The triumph of Shapur was commemorated by rock-carvings showing him on horse-back and his Roman opponent kneeling before him at Naqsh-i Rustam and at BIshapur. Shapur’s forces again ravaged Syria and also invaded Cappadocia.
In the great inscription of Shapur I the various cities taken are listed, but they were not held for more than a short period. It was less the Romans and more Odenath, the ruler of Palmyra, who attacked detachments of the Persians causing them to retreat to their homeland. The history of the next few years is clouded, for the extent of Palmyrene successes against Shapur is unknown. We may assume that Shapur was content to rest on his laurels and to supervise the building of dams in Khuzistan and the embellishment of his capital of Bishapur by his prisoners from the Roman empire.
Probably a short time after the victory over Valerian, Shapur made some changes in his empire. In Armenia after the murder of King Khosrov and the flight of Tiridates, a certain Artavazd seems to have ruled until about 262 when Shapur appointed his own son Hormizd-Ardashlr as great king of Armenia. Another son, also called Shapur, was king of Mesene, and he had probably succeeded his uncle Mihrshah, lord of Mesene, known from Manichaean texts. A third son Varahran, or later Bahram, was king in Gilan, and a fourth son Narseh was the king of the Sakas, ruling over large territories in eastern Iran, including Sind. Several brothers of Shapur seem to have continued in the posts assigned to them by Ardashlr; one Ardashir was king of Adiabene, and another, with the same name, was king of Kirman. Amazasp, king of Georgia, was an Iranian, possibly related to the Sasanian family. Many other princes and lords appear in the notitia dignitatum at the end of the great inscription of Shapur I.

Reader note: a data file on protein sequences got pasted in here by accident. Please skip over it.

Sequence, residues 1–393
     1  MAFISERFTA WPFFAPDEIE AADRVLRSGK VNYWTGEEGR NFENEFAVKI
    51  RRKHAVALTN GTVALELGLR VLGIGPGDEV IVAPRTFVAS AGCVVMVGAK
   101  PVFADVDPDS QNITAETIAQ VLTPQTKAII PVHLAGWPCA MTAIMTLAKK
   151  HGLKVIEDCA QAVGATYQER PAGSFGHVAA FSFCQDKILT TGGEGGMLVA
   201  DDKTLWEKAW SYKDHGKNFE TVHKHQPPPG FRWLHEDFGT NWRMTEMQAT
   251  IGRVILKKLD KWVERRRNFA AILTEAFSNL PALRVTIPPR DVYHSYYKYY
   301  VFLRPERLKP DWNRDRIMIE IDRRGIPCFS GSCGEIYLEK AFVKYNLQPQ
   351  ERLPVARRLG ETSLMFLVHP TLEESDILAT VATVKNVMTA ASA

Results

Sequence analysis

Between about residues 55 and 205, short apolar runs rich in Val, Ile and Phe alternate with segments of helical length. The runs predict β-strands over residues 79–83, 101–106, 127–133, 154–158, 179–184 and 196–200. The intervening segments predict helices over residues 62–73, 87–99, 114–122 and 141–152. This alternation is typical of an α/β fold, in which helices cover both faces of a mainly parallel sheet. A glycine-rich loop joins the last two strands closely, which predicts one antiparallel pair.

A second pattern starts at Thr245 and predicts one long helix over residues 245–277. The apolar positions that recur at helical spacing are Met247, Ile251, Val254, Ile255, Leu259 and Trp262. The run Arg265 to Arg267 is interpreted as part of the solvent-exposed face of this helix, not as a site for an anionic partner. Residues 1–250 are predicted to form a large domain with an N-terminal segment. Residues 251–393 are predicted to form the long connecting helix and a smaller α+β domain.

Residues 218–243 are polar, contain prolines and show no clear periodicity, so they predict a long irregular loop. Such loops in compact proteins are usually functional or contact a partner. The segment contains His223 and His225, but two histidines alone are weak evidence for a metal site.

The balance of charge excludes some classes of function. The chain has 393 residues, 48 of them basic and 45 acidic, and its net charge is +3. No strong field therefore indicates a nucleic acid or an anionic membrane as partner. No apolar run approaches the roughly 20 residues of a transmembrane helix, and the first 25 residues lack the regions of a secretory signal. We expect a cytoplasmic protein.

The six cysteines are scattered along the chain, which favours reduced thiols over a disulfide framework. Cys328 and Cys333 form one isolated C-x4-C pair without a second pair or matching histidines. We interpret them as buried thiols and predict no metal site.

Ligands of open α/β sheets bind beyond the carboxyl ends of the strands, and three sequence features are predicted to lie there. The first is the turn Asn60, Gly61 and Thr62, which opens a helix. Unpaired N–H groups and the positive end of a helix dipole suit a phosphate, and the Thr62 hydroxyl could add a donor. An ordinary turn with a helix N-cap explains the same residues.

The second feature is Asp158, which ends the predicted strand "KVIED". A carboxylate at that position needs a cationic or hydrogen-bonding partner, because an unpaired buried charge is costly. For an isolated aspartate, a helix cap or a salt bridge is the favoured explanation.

If we examine the extent of the empire as vaunted by Shapur in his inscription, it becomes clear that much of Transcaucasia was ruled by local kings subject to him, for only in Georgia and Armenia are names of Iranians given. In the east the empire extended over the “land of the Kushans up to Pashkibur (Peshawar?), and to Kashghar, Sogdiana and Tashkent” (Parthian line 2, Greek line 4). In other words, the empire included the domain of the Kushans, at least as far as the lowlands of the north-west frontier of Pakistan. It also extended to Sogdiana and Central Asia, but did not include them. For it is likely that what Shapur meant in his inscription was that the Kushan kingdom had submitted to him, and the boundaries of that kingdom extended to Peshawar, Sogdiana, Kashghar (or possibly Kish) and Tashkent. No Sasanian prince is designated as Kushanshah by Shapur, so we may infer that the ruler who had submitted retained his title, but under Sasanian suzerainty.
At the time of the capture of Valerian, Shapur must have been advanced in age, which may explain his apparent lack of reaction to the expansion of Palmyra. The king of kings must have been busy with internal matters, for we know he took an interest in Man! and in matters of culture and thought. He built a new city in Fars province, Bishapur, where presumably artisans from the Roman empire worked, as evidenced by mosaics found there. The religious developments during Shapur’s reign are discussed elsewhere.